gladder than if I'd had a hundred dollars for that old
seal! A'n't I though! Hi!"
A couple of days after that as Granny sat alone in
her room, drinking her noonday cup of tea and enjoying
'and being grateful over the scant slices of bread and


butter which she had prepared, there came a knock at the
Bless me!" ejaculated Granny, her hand instinctive-
ly going up to see if the plain white cap was on straight,
," that does n't sound a bit like Jerry's knock. Who can it
The knock was repeated; not a boisterous rat-tat
such as Jerry was wont to sound, but a quiet, gentlemanly
sort of affair which Granny knew to come from a strange
pair of knuckles..
Come in," said she, setting the cup down and turn-
ing her expectant eyes towards the door.
It opened in response to her bidding and a gentle-
man and a little girl stepped in.
S Granny arose and made a little old-fashioned curtsey,
as the child spoke out abruptly,
"Are you Jerry's Granny?"
The gentleman laid a kind hand on the little girl's
mouth. Lilla, my dear, do n't be so impetuous," he said;
'then turning to the old woman, who was expressing her
astonishment in every feature of her rugged Scotch face,
he continued,
I beg pardon, but I was told by a young boy who
returned a dog to my little niece here a short time since,
that I could get word to him at any time by applying to
a Mrs. McGregor, and he gave me this address," showing
her a card upon which the address had been taken down
;by him.


Surely, sir," replied Granny, looking over her spec-
tacles into the kindly face before her, surely you are in
the right place and I am Mrs. McGregor-' Jerry's Gran-
ny,' as the little lady asked me. Jerry is my laddie by
the good-will we bear each other, but I'm sorry to say,
sir, that we are no real kin to one another, though I
would be proud to own him as a son, if I could, I '11 say
that for the lad Jerry. Were you wanting the boy, sir ?"
I was interested in him the day he brought back
the dog, and we had quite a little talk. by the roadside
where I met him as he was coming from the house and
I was riding towards it. He told me about his life and
his anxiety to get plenty of work to do, and I thought he
seemed an honest, bright little chap who deserved en-
couragement. My little niece took a liking to him, and
so we came together to see you about him, and in case I
should hear of a good place in a store or an office where
a boy of his size could be useful, I would perhaps be able
to give him a lift, you see."
Granny lifted her hands for thankfulness. Oh, sir,"
she replied, "surely you had only to look into the bonnie
brown eyes of that lad to see that he's good and true
and honest. Why, the very first time I met Jerry he did
a kind-hearted thing for me, only an old woman, who was
more used to being jeered by the boys around her than to
receive civility from them." And then Granny went on
with great satisfaction to relate her first meeting with
Jerry. And she did not stop there; she told more about


him and of his kindness to her and how he tried to earn
enough to get away and out of the kind of life he was
now obliged to live.
And the gentleman listened with interest to all she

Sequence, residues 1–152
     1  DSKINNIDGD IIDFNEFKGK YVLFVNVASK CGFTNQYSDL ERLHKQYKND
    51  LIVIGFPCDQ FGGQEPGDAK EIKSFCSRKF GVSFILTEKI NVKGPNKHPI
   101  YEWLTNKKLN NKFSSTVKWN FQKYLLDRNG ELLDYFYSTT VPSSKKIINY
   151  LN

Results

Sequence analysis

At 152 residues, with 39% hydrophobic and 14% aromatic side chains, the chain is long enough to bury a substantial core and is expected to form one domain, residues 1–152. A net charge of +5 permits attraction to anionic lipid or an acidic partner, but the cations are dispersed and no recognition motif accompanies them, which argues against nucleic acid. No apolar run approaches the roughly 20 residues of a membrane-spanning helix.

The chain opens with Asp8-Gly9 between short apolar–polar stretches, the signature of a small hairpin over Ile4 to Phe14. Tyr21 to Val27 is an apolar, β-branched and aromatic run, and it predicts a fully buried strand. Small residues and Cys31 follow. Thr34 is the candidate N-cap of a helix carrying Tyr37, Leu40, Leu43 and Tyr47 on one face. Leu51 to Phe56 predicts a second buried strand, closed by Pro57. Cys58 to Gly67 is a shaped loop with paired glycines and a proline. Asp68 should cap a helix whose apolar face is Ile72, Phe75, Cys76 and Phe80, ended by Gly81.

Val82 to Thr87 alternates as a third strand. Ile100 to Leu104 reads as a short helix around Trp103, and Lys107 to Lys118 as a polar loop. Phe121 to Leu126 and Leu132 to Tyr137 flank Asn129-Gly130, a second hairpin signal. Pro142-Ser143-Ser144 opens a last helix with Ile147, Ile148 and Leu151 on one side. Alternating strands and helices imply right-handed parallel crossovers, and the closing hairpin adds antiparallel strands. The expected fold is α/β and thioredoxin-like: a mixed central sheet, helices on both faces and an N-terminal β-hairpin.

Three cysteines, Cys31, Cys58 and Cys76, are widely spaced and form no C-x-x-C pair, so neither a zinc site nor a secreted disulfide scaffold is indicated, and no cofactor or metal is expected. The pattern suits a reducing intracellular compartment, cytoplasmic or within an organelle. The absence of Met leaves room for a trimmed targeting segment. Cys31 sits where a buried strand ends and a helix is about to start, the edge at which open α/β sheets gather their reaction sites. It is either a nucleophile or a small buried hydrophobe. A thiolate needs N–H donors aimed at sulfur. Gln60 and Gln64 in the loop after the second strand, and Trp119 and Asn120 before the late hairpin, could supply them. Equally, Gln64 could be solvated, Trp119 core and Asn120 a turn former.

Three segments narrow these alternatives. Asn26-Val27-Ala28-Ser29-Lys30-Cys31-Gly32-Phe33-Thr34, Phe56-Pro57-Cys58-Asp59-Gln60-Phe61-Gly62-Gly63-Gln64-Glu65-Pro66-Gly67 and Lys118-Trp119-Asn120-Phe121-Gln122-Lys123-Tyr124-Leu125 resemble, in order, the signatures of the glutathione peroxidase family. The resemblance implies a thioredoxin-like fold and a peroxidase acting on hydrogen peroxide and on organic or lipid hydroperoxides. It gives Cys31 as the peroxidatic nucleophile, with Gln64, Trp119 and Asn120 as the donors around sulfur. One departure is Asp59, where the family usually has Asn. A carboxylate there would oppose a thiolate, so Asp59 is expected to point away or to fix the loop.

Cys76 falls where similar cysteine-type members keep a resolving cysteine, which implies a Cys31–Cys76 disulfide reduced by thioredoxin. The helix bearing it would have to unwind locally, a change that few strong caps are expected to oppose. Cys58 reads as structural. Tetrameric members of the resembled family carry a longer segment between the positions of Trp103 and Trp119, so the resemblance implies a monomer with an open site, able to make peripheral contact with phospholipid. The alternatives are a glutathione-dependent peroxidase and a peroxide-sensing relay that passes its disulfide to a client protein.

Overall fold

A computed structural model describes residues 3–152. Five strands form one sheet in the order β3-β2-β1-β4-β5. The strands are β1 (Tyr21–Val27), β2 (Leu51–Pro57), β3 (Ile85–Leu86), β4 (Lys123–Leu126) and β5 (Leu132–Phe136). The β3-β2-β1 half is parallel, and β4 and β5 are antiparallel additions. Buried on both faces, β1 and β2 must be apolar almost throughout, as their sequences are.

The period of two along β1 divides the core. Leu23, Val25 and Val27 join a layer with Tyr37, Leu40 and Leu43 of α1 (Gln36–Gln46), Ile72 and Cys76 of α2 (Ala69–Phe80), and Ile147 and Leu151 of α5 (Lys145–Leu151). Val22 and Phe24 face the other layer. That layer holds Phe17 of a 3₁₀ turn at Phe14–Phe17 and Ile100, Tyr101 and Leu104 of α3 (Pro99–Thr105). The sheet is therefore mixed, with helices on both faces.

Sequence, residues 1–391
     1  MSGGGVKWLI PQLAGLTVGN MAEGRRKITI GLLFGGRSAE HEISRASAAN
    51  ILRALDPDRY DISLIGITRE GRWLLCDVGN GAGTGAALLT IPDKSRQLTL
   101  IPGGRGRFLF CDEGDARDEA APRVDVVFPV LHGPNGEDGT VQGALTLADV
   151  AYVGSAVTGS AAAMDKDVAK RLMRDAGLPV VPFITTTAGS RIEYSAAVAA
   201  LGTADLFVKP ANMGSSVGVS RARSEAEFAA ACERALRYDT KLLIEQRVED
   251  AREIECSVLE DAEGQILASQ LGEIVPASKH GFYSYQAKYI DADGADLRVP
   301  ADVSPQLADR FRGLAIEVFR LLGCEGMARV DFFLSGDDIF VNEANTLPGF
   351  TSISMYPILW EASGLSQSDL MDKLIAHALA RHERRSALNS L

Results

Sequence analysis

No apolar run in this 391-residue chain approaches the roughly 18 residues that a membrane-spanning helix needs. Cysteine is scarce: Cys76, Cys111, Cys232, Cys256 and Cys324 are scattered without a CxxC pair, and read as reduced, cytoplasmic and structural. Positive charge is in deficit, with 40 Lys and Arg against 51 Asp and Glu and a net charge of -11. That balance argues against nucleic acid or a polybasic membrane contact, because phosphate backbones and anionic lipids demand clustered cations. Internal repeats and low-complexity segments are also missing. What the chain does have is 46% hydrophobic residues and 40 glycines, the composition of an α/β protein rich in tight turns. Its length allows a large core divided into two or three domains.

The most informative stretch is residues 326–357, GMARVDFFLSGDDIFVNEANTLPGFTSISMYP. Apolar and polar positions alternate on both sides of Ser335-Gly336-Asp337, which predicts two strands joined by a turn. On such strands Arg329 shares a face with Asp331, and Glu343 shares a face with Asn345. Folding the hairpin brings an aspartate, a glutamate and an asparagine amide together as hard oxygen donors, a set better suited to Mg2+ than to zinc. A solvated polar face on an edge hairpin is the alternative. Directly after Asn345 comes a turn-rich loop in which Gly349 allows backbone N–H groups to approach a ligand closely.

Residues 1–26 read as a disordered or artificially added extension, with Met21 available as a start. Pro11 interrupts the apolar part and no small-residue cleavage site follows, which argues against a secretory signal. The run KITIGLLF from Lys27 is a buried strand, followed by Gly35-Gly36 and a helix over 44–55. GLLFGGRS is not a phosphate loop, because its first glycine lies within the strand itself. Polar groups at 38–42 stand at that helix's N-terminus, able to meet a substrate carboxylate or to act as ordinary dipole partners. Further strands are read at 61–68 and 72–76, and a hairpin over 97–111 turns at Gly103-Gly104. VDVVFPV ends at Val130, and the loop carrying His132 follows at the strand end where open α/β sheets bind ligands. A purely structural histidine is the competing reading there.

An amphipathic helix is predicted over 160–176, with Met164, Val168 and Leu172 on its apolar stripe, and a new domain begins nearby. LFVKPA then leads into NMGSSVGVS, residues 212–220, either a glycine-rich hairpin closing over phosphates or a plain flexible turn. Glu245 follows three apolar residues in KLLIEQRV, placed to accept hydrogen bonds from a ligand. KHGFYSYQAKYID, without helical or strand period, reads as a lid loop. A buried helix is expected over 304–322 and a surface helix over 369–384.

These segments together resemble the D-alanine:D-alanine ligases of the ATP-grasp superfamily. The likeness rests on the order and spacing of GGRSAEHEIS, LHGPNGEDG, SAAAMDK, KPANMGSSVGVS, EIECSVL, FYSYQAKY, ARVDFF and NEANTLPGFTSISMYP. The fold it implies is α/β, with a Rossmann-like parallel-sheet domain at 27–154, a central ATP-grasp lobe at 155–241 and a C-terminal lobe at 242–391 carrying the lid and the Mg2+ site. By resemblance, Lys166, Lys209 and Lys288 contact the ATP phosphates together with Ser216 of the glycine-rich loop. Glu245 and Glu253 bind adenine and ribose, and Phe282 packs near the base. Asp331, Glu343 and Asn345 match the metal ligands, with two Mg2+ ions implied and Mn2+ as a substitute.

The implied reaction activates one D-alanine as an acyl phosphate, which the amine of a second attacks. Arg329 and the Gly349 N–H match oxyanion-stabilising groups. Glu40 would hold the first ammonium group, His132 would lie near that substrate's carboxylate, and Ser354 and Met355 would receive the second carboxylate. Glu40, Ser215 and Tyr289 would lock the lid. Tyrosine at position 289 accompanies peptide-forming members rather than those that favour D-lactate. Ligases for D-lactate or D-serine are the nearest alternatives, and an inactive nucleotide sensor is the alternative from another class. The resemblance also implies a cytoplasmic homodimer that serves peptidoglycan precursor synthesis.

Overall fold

told, and not only that, but his eyes took in Granny's own
surroundings, her evident lonely life, and her own honest,
satisfactory appearance and manners, though she heeded
nothing save that the gentleman was comprehending
kindly every word she said in her boy's praise.
While they were talking, Jerry himself came running
up the dark tenement stairs and knocked in his usual
hearty way at Granny's door.
There's the boy now, sir," said she with a glad
smile, and as Jerry came gayly in the visitors laughed at
his confused look and wide-open eyes when he first saw
We came to see your Granny and you!" cried the
little girl brightly. You know Uncle Ned told you
maybe he would come some day."
Jerry was so unused to company of this "A No. "
sort that he hardly knew how to act or what to say, and
for a moment or so felt all legs and arms, with a helpless
desire to hide away somewhere. But that was only for a
moment or two, then he was himself again-frank and
manly and able to meet his visitors' eyes steadily and
with a smile of welcome for both gentleman and little
A few moments' pleasant talk followed as the gentle-


man repeated what he had told Granny about giving
Jerry a lift when he could, and Jerry was grateful and
happy in proportion.
"The dog hasn't run away again, I s'pose, sir?" he
presently asked.
Oh, no, no indeed! my little man," was the reply.
"By-the-by, could you take a run up there with a note
for me between now and tea-time ?"
Guess I could, sir, if I put wings on my feet."
The gentleman turned to Lilla. Then, dear, you
and I will go over to Brooklyn, while we are out on a
half-holiday, and see auntie, and mamma wont expect us
and wait tea."
The note was scribbled hastily on a leaf from Uncle
Ned's note-book and folded and addressed, and in less
than five minutes more Granny was at liberty to finish
her tea, while Jerry was scudding out to the country road
as fast as he could go, with fifty cents in two bright quar-
ters jingling musically together in his pockets,for Uncle
Ned had paid his messenger in advance.
Round to the kitchen doorway, when erelong he
had reached his destination, ran Jerry, in haste to deliver
his message and return to talk over all this exciting piece
of business with Granny. Alas! "much haste, less speed,"